Fostering Service supports LGBT Adoption and Fostering Week
Flintshire Fostering Service joined together with Wrexham Fostering Team and
the North Wales Adoption Service recently, to hold an event at Glyndwr
University to encourage more lesbian, gay, bisexual and transgender people to
become foster carers or adoptive parents. The event was held as part of LGBT
Adoption & Fostering Week.
Across the UK, there is a shortage of adopters and foster carers. Around 4,000
children need adopting every year, and an additional 8,000 foster carers must
be found. Figures suggest that if just two percent of LGBT people came forward
to foster or adopt, this shortfall could be met.
Flintshire has three LGBT foster carers and is keen to encourage more LGBT
couples or single carers to come forward.
Councillor Christine Jones, Cabinet Member for Social Services at Flintshire
County Council, said:
“In our experience, LGBT foster carers and adopters have exactly the skills
that we look for, and, more importantly, the determination that is essential to
care for these vulnerable children and young people.
“We were delighted that members of the LGBT community came to our event to hear
about the process and to talk to LGBT carers about their experience. We look
forward to starting them on their adoption or fostering journey.”
Comments from visitors to the event included:
“It was very interesting and insightful, and has given us a lot of food for
“It has been very informative, friendly, personal and reassuring.”
Young people already in foster care with LGBT people have also been speaking
about their experiences. One said:
“She is a funny, caring woman who makes me feel safe. I am very lucky to have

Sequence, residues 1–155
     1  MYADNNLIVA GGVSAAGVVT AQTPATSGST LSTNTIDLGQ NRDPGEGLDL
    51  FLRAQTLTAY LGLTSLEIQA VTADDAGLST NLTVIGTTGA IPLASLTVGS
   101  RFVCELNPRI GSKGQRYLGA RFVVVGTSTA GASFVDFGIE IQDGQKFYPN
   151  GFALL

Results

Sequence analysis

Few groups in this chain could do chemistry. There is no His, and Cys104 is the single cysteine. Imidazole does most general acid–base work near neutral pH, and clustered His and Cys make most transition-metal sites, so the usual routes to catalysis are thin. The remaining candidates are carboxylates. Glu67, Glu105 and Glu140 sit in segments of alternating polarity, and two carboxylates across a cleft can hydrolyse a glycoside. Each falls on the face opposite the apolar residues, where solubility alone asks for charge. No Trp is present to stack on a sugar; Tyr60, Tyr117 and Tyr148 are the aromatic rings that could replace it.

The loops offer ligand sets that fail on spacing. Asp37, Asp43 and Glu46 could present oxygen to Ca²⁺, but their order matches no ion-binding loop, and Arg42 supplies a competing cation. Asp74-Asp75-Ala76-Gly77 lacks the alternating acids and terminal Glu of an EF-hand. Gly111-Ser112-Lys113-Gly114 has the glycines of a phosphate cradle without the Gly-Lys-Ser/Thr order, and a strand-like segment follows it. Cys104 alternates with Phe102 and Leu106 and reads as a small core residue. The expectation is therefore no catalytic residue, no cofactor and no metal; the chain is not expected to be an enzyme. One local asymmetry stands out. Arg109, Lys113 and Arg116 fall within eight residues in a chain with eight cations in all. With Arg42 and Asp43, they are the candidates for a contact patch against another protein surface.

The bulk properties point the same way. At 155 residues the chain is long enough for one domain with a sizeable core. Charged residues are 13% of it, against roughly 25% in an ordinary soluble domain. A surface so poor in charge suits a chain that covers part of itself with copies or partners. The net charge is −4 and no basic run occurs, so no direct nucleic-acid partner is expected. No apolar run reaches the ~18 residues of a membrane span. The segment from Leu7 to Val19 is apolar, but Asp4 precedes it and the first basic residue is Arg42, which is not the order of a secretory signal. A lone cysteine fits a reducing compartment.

come to live with her. If you are looking to foster and you are gay, lesbian,
bisexual or transgender, dont let anything stop you. They have made me feel
like I belong here and like Im part of their family, which is fantastic
because you need to feel safe and happy.”
Another young person in foster care said:
“When I was told I was going to be staying in a placement with a gay couple I
was actually excited the only thing that crossed my mind was what my friends
would think or say but my friends were actually very supportive and got on
really well. People should never judge a gay couple they are the most amazing
and caring people you could ever meet. I wouldnt change my time there for the
Tor Docherty, Director of New Family Social, a social network run by LGBT
adopters and foster carers for families and families-to-be, who organise LGBT
Adoption and Fostering Week, said:
“While more and more LGBT people are choosing to adopt or foster, many are
still put off by fears that they won’t be welcomed by agencies. Things have
moved on in the last six years within adoption and fostering, and our large
community of families across the UK is incredibly welcoming and supportive.
It’s clear to see how well our children are doing, and what a positive and
rewarding choice it can be for the parents”.
For more information on fostering and adoption visit the Flintshire Fostering
Service website www.flintshirefostering.org.uk or www.northwalesadoption.gov.uk
Notes for Editors
The British Association of Adoption and Fostering (BAAF) estimates 4,000
children across the UK need adopting every year.
The Fostering Network estimates that over 8,000 additional foster carers are
needed across the UK.
LGBT Adoption & Fostering Week is organised by New Family Social, a social
network run by LGBT adopters and foster carers for families and families-to-be.
Pictured are representatives from Flintshire Fostering Service, Wrexham
Fostering Team and North Wales Adoption Service.